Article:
# Homework Help: Energy Quantisation

1. Dec 9, 2005

### ak416

Ok, im reading this part in my book that tries to explain the reason for energy quantisation. It first shows that the time independent S-eq is a an eigenvalue equation, and writes it as: d^2/dx^2 Y(x) = 2m/h^2 [V(x) - E(x)] Y(x) where i use Y instead of "Psi". It gives a graph of an arbitrary potential approaching V- as x-> -inf, V+ as x-> +inf and has a min of Vmin. It considers 4 cases: E < Vmin, Vmin< E< V-, V-< E < V+, E > V+. I understand the first case is physically unacceptable because Y(x) has to be concave up if at some x=x* Y(x*)>0, concave down if Y(x*)<0, and "escapes" from the x-axis if Y(x*)=0 and due to the probabilistic nature of the wavefunction, Y(x) must be finite. Now for the second case, Vmin < E < V-, there are two points of intersection between E and V, call them x1 for the left intersection and x2 for the right. I understand the Y(x) must oscillate when x is between x1 and x2. Also if x<x1, then it can converge either to the left or to the right and if x>x2 then also it can converge either to the left or to the right. Now since we're assuming V is finite and continuous everywhere it follows that d^2Y(x)/dx^2 and dY(x) are also continuous. The book tries to explain that because the d^2Y(x)/dx^2 depends on E, then the curvature of Y(x) depends on E, then there may be certain discrete values of E for which the solution in the internal region will join smoothly with to the solutions in the external regions, and they say that such solutions which are finite, continuous and having a continuous derivative everywhere are eigenfunctions of the time independent S-eq.
I dont really understand what they mean...why cant you have any value of E creating this smooth connection between the curves?

2. Dec 10, 2005

### Physics Monkey

The idea is that the exponential decay outside the classically allowed region is controlled by a different parameter than the parameter that controls the oscillations inside the classically allowed region. Both these parameters depend on E, but the matching conditions at the boundaries are going to involve these two different parameters. In other words, you will obtain a self consistent equation for E. Now, the equation is rarely algebraic, but you can still convince yourself that it isn't going to allow for a continuum of solutions. So in some sense, quantization is generated from the fact that you have to match two qualitatively different solutions with matching conditions that involve the energy. However, the hidden key is normalization. Without this condition you have enough freedom (from the extra solution) to choose your E in any way you like. This is why scattering states have a continuum of energies, when you change the energy you only change the relative weights of the two linearly independent solutions (which are both oscillatory). In the language of scattering theory, all this is saying is that reflection and transmission coeffecients are energy dependent. Interestingly however, one can still see the vestiges of quantized energy in certain resonance phenomenon in scattering theory.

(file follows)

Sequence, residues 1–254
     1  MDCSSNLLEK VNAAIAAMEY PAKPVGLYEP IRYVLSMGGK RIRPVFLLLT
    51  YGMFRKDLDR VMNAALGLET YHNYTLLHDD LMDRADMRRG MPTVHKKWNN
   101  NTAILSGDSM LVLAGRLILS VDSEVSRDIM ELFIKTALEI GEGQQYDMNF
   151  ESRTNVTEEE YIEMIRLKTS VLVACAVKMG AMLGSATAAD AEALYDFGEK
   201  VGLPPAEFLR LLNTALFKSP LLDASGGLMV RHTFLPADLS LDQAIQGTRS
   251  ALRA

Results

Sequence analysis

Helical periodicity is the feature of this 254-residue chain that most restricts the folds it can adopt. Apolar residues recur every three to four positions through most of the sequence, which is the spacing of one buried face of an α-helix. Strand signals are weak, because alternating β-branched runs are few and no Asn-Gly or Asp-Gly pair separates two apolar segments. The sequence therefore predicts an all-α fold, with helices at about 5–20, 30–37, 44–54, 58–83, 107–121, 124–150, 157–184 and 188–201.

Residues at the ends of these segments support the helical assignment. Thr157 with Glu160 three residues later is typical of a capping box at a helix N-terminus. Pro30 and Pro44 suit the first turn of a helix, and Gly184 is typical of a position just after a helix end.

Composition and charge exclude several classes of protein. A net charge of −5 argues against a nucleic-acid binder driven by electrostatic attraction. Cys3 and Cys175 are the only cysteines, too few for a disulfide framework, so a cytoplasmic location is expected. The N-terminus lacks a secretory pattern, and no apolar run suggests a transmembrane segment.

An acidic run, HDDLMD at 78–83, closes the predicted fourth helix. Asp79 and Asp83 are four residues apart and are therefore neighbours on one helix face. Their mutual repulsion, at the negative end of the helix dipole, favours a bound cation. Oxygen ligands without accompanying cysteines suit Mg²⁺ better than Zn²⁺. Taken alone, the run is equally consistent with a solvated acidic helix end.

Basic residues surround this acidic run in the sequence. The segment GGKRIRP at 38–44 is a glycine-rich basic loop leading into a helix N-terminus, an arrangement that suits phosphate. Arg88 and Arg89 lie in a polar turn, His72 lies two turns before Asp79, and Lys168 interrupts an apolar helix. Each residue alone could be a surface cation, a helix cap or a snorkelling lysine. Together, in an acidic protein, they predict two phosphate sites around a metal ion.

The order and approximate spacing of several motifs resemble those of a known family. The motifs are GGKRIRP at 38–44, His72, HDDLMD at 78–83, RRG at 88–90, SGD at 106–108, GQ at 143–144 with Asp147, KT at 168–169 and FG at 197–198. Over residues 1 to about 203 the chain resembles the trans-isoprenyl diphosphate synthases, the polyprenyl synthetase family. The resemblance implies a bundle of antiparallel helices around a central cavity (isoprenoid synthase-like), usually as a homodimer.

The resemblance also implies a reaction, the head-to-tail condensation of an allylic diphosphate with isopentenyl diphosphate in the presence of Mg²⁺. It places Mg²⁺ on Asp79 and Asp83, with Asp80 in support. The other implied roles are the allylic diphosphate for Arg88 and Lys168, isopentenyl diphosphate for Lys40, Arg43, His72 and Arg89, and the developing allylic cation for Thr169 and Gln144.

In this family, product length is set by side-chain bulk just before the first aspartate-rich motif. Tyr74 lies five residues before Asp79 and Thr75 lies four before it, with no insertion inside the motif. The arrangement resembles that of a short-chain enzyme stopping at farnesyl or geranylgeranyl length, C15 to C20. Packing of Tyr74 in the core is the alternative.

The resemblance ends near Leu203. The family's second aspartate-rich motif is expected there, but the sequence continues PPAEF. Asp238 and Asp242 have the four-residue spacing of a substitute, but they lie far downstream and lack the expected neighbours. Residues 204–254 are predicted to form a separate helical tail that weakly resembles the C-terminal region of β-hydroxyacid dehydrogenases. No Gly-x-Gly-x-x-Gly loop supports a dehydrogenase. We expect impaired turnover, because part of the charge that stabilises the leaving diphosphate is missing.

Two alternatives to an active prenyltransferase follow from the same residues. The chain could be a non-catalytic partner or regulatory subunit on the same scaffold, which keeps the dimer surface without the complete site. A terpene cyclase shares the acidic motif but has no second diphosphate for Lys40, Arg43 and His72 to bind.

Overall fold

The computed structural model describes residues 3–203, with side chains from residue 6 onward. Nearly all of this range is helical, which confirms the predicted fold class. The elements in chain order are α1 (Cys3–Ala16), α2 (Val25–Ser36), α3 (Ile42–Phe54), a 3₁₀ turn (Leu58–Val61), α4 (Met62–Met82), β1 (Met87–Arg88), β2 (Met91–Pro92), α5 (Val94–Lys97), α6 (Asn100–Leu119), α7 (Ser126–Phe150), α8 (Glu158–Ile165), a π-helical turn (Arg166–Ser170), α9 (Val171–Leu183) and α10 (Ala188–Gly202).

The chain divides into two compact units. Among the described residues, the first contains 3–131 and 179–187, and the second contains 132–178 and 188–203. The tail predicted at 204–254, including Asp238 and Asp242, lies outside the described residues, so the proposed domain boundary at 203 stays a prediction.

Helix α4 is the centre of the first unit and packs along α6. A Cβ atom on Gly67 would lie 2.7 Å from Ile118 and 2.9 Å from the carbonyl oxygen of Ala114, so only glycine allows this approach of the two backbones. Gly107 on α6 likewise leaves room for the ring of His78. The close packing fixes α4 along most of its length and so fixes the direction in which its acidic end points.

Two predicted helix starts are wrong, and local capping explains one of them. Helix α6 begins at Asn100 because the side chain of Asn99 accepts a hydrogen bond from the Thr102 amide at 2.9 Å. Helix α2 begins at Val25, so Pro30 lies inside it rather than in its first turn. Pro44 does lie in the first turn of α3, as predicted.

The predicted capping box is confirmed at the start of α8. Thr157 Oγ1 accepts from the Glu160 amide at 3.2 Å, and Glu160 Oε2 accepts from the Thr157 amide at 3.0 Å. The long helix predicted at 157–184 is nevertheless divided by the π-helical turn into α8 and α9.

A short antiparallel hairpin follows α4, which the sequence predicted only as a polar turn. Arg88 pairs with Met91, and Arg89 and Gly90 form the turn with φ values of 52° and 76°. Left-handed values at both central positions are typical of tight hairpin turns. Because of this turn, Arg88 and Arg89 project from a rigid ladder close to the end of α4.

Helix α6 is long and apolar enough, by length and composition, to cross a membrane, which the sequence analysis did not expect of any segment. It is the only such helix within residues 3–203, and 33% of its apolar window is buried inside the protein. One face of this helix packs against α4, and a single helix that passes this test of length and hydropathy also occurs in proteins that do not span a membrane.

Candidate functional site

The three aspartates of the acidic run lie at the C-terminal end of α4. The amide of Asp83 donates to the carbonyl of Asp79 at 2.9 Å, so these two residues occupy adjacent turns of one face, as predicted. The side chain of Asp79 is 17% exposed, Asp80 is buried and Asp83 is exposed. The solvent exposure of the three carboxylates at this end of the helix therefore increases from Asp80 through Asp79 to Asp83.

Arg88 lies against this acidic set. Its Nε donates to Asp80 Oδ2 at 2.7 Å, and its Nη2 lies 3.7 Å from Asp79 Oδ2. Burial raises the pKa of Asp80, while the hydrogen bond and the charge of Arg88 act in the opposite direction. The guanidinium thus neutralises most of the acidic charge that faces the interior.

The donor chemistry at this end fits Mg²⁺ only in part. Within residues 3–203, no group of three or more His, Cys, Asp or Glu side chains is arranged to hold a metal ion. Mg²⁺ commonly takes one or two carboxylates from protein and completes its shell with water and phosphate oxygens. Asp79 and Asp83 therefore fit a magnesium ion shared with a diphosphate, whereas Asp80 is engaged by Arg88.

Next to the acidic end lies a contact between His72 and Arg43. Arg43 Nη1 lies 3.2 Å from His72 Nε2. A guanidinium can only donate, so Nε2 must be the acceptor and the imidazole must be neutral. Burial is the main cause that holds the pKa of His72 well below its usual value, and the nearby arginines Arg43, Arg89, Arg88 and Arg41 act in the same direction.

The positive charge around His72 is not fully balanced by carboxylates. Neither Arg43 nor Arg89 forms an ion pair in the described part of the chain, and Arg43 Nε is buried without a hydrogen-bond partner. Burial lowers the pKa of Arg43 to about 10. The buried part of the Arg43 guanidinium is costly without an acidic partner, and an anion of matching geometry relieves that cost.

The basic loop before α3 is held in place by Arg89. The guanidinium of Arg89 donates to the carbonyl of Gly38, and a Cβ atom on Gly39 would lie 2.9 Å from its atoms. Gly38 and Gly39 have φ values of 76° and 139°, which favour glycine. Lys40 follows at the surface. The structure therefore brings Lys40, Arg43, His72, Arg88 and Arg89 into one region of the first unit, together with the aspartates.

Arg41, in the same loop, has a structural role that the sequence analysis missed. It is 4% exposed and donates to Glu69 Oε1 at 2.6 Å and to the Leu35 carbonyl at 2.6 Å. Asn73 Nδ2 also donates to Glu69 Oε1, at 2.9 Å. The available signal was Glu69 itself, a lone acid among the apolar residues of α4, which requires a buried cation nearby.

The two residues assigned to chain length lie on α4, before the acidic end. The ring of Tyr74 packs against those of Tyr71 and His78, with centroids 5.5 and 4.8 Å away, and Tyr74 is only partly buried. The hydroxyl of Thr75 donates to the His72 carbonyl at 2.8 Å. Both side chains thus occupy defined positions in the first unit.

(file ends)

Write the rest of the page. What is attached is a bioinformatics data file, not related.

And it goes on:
Last edited: Dec 10, 2005
3. Dec 10, 2005

### ak416

I kind of understand, but is there a more precise way to show this?

4. Dec 10, 2005

### Physics Monkey

Sure, just count! Here is what I mean: with normalization, you have 1 solution in the right classically forbidden region, 2 solutions in the classically allowed region, and 1 solution in the left classically forbidden region. Including the energy that's five constants you have to nail down. Now, one of these will be determined by normalization, so you are really left with only four constants. How many matching conditions do you have? Well, you have exactly four since you require continuity of the wavefunction and its first derivative at two different points. Four equations and four unknowns, and while you will generally have multiple solutions (several bound states) its clear that you aren't going to get a continuum of solutions.

I encourage you to try a similar kind of counting for scattering states to convince yourself that the system has a solution for each E.